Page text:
Sleep-merchants all. One of the most curious of modern Christian sects is that of the Jehovah Witnesses. It has always astonished me that they can continue to get people to believe their spiel about the imminent return of Christ. (Victor Mancuso, in his “L’Anima e il suo Destino” points our Jesus’ own error about the imminence of the Second Coming.) They gather in their thousands every now and again, in anticipation of Jesus’ spectacular Parousia, His Second Coming – which, of course, never happens. The irony is that, in pairs, fulfilling their “missionary” commitment to spend several hours each week in seeking converts, they knock at your door to offer you their magazine, called . . . “Awake !”. Its purpose, like all religious literature, is to put people to sleep.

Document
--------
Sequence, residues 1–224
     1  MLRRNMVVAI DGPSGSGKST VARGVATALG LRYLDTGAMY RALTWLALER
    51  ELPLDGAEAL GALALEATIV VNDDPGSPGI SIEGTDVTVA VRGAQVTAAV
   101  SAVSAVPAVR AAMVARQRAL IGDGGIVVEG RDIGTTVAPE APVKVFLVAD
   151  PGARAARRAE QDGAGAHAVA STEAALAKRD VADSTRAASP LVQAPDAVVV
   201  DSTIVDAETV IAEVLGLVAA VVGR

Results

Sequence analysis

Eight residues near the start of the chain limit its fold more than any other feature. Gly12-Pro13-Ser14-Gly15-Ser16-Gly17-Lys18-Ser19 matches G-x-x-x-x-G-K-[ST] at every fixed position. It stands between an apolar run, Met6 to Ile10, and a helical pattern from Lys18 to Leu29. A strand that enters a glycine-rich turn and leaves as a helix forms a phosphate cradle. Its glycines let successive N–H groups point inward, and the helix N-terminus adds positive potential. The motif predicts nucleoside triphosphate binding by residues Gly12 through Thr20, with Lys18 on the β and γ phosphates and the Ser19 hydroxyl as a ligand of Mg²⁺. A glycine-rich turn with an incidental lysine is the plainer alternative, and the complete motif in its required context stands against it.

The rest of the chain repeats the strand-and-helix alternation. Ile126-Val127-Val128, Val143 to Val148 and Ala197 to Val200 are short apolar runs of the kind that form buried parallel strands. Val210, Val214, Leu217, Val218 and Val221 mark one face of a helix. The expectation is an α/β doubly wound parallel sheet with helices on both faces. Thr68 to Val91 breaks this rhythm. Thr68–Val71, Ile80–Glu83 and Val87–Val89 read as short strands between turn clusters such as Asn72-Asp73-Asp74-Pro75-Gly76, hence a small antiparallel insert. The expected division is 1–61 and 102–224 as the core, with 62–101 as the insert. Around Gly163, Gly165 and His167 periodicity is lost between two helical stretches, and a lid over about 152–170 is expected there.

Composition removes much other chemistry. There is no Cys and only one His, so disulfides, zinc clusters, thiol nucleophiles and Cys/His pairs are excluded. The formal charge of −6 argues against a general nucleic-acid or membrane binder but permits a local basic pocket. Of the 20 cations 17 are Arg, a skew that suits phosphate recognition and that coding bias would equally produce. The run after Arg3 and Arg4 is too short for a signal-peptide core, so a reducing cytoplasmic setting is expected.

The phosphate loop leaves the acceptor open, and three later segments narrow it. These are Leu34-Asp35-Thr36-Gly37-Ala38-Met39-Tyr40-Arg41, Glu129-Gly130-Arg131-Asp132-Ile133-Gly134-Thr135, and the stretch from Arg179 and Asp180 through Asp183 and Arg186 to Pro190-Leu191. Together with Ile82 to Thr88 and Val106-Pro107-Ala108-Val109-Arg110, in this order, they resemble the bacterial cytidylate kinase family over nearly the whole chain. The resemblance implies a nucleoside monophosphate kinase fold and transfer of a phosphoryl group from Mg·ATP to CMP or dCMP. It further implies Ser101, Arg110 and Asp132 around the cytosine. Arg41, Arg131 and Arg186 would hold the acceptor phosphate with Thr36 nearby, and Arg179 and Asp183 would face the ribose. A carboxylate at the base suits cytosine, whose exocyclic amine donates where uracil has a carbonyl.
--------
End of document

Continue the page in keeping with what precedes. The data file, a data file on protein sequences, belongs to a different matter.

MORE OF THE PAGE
14/227 My Book p. 60 Post 1280


Statistics are like bikinis : what they reveal is interesting, what they conceal is vital.


The German journo Thomas Vasek, having studied Stephen D. Unwin’s “The Probability of God ; A Simple Calculation that Proves the Ultimate Truth”, has come up with the irrefutable, scientific conclusion that God has 62% chances of existing. So you should burn this book, and any others that suggest that God is myth. Science has proved the opposite. Some you win, some you lose.